For so many people, music is their first love-and it lasts across a lifetime. So it's not surprising that for a person to be able to tell the story of their life through music, can unlock memories, strengthen their sense of self and connect both to their stories and their loved ones.
It makes collating personal playlists so much more than the music. It is particularly helpful for people living with dementia. Personally meaningful music can unlock induviduality, stimulate conversation, support family members and increase social connections.
A personal playlist keeps on giving-both to the person concerned and to everyone involved in their circles of care and support.
GETTING STARTED is easy. Head over to Playlist for Life and explore their step-by-step guidance to creating a personal playlist from their downloadable resources. We have attached three of their most popular publications here and in our PDF library.
DON'T BE PUT OFF if you think you don't have the technical know-how to do this. Just take your time and follow the steps outlined here:
1. Create a list of favourite soundtracks for yourself or through prompting conversations and memories with the person concerned.
2. Use the resources offered by Playlist for
Life and BBC Music Memories to access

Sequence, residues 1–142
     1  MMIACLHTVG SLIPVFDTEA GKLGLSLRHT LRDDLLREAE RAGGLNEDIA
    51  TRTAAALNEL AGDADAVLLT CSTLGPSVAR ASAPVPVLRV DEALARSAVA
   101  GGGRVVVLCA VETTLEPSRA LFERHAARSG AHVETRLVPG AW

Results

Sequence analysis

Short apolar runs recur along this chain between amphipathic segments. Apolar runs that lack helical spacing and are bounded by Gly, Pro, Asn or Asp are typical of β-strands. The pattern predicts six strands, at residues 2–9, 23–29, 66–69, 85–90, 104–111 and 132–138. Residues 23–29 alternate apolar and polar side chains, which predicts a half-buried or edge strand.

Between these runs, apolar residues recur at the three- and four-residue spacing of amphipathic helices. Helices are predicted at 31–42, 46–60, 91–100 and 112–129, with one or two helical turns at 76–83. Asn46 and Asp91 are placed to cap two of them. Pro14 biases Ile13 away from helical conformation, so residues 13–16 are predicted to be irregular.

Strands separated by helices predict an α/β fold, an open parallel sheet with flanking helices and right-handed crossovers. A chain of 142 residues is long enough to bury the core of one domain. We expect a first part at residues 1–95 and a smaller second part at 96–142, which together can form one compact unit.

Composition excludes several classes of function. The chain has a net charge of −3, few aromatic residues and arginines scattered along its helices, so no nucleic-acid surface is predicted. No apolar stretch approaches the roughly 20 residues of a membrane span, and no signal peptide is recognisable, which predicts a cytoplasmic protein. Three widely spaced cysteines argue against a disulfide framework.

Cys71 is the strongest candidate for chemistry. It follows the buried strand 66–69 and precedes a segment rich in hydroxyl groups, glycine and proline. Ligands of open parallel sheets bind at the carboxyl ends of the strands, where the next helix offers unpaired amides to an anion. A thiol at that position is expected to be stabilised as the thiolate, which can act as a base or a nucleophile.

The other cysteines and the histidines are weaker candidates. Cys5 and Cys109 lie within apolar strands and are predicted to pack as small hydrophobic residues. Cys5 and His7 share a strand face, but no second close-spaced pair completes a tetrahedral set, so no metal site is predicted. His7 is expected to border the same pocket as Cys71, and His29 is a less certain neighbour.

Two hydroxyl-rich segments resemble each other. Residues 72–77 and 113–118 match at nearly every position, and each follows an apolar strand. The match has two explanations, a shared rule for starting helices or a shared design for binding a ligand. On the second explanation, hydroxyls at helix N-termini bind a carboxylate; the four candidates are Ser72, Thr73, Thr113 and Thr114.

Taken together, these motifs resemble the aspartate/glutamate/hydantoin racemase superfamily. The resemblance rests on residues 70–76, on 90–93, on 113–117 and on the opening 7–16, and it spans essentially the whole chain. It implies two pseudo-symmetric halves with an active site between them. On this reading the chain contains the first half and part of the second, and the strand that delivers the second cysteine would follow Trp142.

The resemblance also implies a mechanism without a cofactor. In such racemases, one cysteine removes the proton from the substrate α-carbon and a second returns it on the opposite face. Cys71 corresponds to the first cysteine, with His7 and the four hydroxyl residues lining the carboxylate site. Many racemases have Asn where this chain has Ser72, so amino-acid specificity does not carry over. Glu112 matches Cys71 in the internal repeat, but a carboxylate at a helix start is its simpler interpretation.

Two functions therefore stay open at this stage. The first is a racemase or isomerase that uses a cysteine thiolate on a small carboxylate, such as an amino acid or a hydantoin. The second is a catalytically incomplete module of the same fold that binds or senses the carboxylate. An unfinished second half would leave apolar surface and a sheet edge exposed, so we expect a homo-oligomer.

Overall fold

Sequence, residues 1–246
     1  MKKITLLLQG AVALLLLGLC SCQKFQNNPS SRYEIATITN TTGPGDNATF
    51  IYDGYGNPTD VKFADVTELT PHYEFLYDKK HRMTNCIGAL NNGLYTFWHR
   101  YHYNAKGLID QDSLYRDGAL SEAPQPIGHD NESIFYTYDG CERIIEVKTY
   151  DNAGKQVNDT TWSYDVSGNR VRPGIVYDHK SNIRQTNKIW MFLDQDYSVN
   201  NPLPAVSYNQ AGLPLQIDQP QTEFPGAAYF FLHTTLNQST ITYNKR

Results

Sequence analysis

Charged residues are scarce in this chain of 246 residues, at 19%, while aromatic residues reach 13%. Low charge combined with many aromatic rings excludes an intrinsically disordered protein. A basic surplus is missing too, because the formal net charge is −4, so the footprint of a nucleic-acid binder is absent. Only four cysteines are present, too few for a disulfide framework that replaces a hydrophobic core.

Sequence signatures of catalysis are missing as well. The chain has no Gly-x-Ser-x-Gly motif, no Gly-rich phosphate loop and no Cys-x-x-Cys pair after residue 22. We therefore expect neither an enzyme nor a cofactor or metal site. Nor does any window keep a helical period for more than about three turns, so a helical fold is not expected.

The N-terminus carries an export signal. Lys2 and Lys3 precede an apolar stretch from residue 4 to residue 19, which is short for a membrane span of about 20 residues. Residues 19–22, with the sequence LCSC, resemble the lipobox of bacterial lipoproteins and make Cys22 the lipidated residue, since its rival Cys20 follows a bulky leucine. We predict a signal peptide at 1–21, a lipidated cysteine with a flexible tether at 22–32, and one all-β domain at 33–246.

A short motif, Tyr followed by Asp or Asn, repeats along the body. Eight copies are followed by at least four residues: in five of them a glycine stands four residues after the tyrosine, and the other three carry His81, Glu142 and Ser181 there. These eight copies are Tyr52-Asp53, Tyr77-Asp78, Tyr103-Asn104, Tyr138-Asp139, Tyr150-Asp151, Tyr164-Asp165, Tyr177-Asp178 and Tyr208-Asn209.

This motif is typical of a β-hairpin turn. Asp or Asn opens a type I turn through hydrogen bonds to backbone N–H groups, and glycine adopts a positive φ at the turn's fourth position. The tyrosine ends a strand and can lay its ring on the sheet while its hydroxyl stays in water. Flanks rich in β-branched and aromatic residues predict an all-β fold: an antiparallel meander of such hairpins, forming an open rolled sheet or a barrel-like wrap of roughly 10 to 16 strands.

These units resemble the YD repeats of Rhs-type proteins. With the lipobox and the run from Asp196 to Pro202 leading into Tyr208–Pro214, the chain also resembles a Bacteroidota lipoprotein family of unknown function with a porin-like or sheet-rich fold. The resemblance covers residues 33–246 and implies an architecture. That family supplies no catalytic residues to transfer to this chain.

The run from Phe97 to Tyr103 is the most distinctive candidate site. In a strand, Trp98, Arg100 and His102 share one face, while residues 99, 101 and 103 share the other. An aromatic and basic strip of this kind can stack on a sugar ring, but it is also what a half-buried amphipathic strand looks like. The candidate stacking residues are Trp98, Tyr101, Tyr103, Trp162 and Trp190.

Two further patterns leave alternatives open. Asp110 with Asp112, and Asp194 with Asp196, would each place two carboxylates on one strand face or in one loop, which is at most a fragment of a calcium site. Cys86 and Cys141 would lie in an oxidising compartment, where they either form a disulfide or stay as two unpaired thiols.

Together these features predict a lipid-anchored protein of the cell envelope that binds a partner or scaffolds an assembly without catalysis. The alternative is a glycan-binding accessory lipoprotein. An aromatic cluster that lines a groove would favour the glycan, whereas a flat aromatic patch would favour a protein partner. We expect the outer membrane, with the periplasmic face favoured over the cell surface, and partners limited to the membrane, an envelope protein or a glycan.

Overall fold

music / sounds by decade or by
theme (you can refer to the 100 Years Book of top 100 tunes in the UK from 1915-2015) or choose by music genre / style to help you 'name that tune.'
3. Decide how and when to listen e.g. how to stream or download the chosen tracks.
We can advise with all of this, including compiling complimentary playlists for you online, so please get in touch. You provide the list, we can do the rest!
Name That Tune: If you are compiling a playlist for the first time, we suggest that up to 12 - 15 tracks offers a good selection - either for an individual or a group. Use the Name That Tune template attached here to list your choices if you find it helpful.
Name that Tune
This is a brilliant resource of music and radio archive. Music Memories can guide you to create a playlist and print it so you have a record of a particular selection. Memory Radio has a radio archive decade by decade to create an audio experience for people living with dementia.
There are currently three 90-minute programmes covering the 1940s, 50s and 60s. Each programme has an accompanying downloadable
Activity Sheet to prompt discussion.